CW: disordered eating, body dysmorphia
It’s mid-summer, which means vacations, pool days, barbecues, and spending time outside.
It also means wearing shorts and swimsuits and spending a lot of time eating around others.
Summer was always so much fun when I was younger. I loved swimming, running around in the sprinkler, grilling out with family and friends, and just generally doing all the typical summer activities you do as a kid. I never thought about the way people perceived me. I didn’t think about whether my bathing suit was too revealing or not revealing enough, if people could see my stretch marks and cellulite when I wore shorts, if my knees looked weird when I wore a certain dress or skirt, if my stomach would look too big after eating while wearing a swimsuit, if I was too pale, if my skin was clear enough to wear no makeup while swimming.
I didn’t think about any of those things, and I didn’t care. I just wanted to have fun on summer vacation.
As I got older, warmer weather began to terrify me. I became so concerned with being perceived as perfect that I couldn’t enjoy summers anymore. I’d worry so much about being thin enough to wear shorts, skirts, or dresses that I’d be physically uncomfortable wearing them in public. In high school, I developed cystic acne and couldn’t stand to look at my own reflection. I started wearing a full face of makeup everywhere I went. I wouldn’t let anyone see me without it. I stopped going swimming. I stopped spending time outside. I stopped doing all the things I loved doing because of my fear of being judged for the body I live in.
For years, I struggled with disordered eating and body dysmorphia. I became obsessed with being thin and having the “perfect” body. I wanted so badly to be perceived as having it all together, but I was crumbling on the inside.
At some point, it stopped just being about wanting to be thin. It started being about control. I didn’t eat because food was something I could be entirely in charge of. I’d challenge myself to fast for days on end, and if I slipped up, I would punish myself by excessively exercising. I didn’t listen to my body and recognize its needs. I didn’t love myself enough for that.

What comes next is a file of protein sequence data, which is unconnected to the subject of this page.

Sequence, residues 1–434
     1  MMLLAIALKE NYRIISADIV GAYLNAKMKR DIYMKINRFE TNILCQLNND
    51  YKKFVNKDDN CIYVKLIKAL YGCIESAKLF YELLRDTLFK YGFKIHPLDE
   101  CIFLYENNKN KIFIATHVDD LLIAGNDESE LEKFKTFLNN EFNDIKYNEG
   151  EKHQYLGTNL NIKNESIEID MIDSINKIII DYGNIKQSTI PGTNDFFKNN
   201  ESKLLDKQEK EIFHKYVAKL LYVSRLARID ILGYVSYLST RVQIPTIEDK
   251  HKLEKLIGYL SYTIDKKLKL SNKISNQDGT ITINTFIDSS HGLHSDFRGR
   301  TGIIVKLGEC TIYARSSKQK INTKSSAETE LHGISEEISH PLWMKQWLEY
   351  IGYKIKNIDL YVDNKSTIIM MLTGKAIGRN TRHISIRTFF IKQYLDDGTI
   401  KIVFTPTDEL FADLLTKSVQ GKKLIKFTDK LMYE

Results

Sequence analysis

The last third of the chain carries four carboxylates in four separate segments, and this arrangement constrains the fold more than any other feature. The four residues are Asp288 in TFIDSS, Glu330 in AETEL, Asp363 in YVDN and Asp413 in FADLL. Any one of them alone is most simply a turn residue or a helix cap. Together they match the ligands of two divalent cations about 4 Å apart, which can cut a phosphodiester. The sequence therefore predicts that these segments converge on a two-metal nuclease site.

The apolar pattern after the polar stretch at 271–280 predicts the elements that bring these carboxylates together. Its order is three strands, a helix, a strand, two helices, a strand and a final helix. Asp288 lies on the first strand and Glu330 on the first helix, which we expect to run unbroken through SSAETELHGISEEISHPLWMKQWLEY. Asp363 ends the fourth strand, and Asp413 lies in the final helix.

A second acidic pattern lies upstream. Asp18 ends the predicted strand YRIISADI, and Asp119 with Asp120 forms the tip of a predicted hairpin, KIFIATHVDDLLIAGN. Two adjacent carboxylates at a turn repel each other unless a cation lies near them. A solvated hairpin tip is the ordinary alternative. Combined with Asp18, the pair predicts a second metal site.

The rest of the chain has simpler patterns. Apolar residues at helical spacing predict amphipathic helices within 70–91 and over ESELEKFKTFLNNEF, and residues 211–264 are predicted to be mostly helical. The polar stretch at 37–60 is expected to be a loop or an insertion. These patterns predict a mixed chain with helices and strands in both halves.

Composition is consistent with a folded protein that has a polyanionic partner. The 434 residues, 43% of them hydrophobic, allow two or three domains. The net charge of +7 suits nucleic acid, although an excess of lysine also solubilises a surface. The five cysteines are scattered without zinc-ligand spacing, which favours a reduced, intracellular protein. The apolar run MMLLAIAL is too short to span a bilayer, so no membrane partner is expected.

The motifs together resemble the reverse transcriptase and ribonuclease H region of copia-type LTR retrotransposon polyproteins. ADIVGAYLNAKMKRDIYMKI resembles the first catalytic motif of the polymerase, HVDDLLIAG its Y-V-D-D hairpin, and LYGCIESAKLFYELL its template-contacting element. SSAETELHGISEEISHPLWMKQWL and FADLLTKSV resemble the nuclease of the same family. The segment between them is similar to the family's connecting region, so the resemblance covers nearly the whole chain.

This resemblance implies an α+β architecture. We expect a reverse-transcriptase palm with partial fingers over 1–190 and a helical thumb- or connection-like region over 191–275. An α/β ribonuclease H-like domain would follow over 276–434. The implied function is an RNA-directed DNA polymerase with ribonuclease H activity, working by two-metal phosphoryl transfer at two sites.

There came a point in my experience with disordered eating that I had to make a change. I was dying from malnutrition, and I couldn’t hide it anymore. My parents recognized what was happening and encouraged me to get help, and I did. I started going to therapy for depression, anxiety and disordered eating. I slowly realized that if I kept letting my fear of food rule my life, I wouldn’t have a life for much longer.
Recovering from an eating disorder isn’t that easy, though. It’s not as if you wake up one day and it’s just gone. It took years of hard work to get where I am today, and I recognize that I’m still in recovery. As much progress as I’ve made, I know there’s still work to be done. I’d love to say that I wake up each day and love my body unconditionally, but I don’t. I still see flaws, stretch marks, cellulite, a stomach that doesn’t lay flat, blemishes that I feel need to be covered up. The difference is that now when I see those imperfections, I don’t hate myself for them. I accept them as part of the human experience. I’m not perfect, but no one is, and that’s okay.
We are given one body, and we have to love and nurture it for our entire lives. Our bodies carry us through everything, and they deserve to be appreciated for their hard work. When I look at my body today, I see legs that aren’t long and thin, but have held me up and walked me through my toughest days. I see thighs that touch when I stand with my feet together but can support me as I climb towards mental and physical wellness. I see a stomach that doesn’t lay flat even when I suck in, but that sustains me and holds nutrients. I see shoulders that are a little too broad but can carry all my burdens. I see a face with imperfect skin but still smiles back at myself and everyone I meet.
Of course, there are things I wish I could change about my body. At the end of the day, though, my body has gotten me everywhere I’ve needed to go and has supported me through everything I’ve done.
I’m slowly learning to love, respect, and appreciate my body and my skin for all it does.
As the summer continues, take some time to recognize all that your body does for you and give it the love it deserves.
As always, stay safe + stay healthy.